Have you heard that a long-term study has pointed to a link between breastfeeding and intelligence?
The research in Brazil published in The Lancet Global Health traced nearly 3,500 babies and found those who had been breastfed for longer went on to score higher on IQ tests as adults.
I am not against research but sometimes I wish they would tell us why they are researching something in the first place together with who is funding the research and the gender balance in who is coming up with the conclusions.
Day in and day out, mums wake up to these sort of stories often after a sleep-deprived night or where they really are doing their utmost to juggle it all. In my experience, most mums question themselves constantly and make decisions with the basic idea of doing the best by their children. Such stories and the attention they get in the media do little to build self-esteem of the mum which for me is a very good thing for a child to have in their life.
If we are going to say that mums should do something, please can we ensure that funding and other resources are put in place to help them to do so?
I wanted to breastfeed but struggled to do so. I felt very bullied by some midwives. Breastfeeding hurt and I was concerned my son was not getting enough nourishment. Nobody had warned me not every mum finds it easy so I felt a failure.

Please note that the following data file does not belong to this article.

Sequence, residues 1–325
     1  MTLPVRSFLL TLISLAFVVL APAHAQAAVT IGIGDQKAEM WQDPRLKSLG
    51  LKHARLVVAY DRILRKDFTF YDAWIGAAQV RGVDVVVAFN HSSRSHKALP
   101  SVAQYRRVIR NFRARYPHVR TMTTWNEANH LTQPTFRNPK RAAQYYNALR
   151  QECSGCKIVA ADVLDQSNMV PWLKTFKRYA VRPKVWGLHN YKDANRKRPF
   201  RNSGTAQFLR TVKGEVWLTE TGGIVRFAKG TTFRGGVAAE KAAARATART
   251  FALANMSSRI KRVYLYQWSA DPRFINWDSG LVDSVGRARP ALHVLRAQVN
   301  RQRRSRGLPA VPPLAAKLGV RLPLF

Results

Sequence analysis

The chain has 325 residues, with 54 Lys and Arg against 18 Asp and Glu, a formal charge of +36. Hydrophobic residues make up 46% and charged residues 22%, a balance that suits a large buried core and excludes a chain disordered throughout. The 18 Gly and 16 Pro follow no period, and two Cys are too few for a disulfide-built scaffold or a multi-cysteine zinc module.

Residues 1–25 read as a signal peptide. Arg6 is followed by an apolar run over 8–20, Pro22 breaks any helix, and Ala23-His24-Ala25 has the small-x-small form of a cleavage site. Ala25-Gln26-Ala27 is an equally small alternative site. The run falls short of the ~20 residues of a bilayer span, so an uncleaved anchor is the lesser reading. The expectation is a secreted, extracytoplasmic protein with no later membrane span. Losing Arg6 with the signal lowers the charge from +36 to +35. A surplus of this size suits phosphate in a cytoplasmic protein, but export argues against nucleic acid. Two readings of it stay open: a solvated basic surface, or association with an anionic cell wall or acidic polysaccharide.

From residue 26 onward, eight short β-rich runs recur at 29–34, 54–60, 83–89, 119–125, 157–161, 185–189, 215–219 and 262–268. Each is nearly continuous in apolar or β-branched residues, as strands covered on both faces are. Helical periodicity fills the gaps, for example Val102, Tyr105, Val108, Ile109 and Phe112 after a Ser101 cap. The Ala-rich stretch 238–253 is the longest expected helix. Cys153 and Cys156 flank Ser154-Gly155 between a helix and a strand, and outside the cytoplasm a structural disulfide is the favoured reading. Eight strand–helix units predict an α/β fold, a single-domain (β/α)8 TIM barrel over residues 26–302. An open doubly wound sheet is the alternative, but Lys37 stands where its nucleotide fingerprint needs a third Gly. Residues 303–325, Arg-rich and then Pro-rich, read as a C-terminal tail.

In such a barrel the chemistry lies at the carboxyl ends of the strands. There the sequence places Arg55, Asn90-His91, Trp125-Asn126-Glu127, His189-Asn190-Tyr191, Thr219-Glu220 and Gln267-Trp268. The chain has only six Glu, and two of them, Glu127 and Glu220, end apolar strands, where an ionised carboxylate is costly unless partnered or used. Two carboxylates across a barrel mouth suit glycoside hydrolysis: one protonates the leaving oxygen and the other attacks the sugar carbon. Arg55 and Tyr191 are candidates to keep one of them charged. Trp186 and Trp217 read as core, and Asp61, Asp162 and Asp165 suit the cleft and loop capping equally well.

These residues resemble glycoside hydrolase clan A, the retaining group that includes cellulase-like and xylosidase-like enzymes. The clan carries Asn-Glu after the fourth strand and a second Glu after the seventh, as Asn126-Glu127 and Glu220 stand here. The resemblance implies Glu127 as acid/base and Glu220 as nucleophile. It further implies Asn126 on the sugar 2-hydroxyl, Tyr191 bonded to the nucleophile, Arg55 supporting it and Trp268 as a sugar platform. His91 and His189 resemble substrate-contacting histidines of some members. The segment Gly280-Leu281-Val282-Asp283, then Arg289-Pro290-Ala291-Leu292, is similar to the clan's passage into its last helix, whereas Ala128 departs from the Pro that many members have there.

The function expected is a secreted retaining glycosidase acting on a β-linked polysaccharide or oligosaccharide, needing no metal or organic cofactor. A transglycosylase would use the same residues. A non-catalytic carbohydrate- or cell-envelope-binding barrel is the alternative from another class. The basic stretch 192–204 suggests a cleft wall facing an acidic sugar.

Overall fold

When I was pregnant with my second child and a midwife told me I had a choice whether to bottle-feed or breastfeed, I felt so relieved and it made for a happier pregnancy.
Having said that, I wanted to breastfeed all my babies. I just did not feel capable and lacked support.
As for myself, I doubt I was breastfed considering the circumstances of my birth but I managed to get into Cambridge University if that is a marker of intelligence.
I have 3 children and only the one who was breastfed has learning difficulties.
For me, these facts prove nothing and I am not sure the research does either.
Apparently experts say that much more research is needed to explore any possible link between breastfeeding and intelligence.
Does it matter? Is it desirable to force every mum to breastfeed so we can have a society full of highly intelligent people? Shouldn’t the research be watertight before the media take it up and beat mums over the head with it?
Kevin Fenton, national director of health and wellbeing, Public Health England, said there was strong evidence said “PHE’s advice remains that exclusive breastfeeding for around the first six months of life provides health benefits to babies.
“We recognise however, that not all mothers choose, or are able, to breastfeed and infant formula is the only alternative to breast milk for babies under 12 months old.”
Dr Colin Michie, chairman of the Royal College of Paediatrics and Child Health’s nutrition committee, said: “It is important to note that breastfeeding is one of many factors that can contribute to a child’s outcomes, however this study emphasises the need for continued and enhanced breastfeeding promotion so expectant mothers are aware of the benefits of breastfeeding.”
Janet Fyle of the Royal College of Midwives said new mothers needed breastfeeding support.
Very interesting how it is a woman and a mum who highlights the need for support.
In conclusion, I am not a big fan of the parenting police particularly when there is still a woeful lack of support for some women who are trying to be the best mum they can be.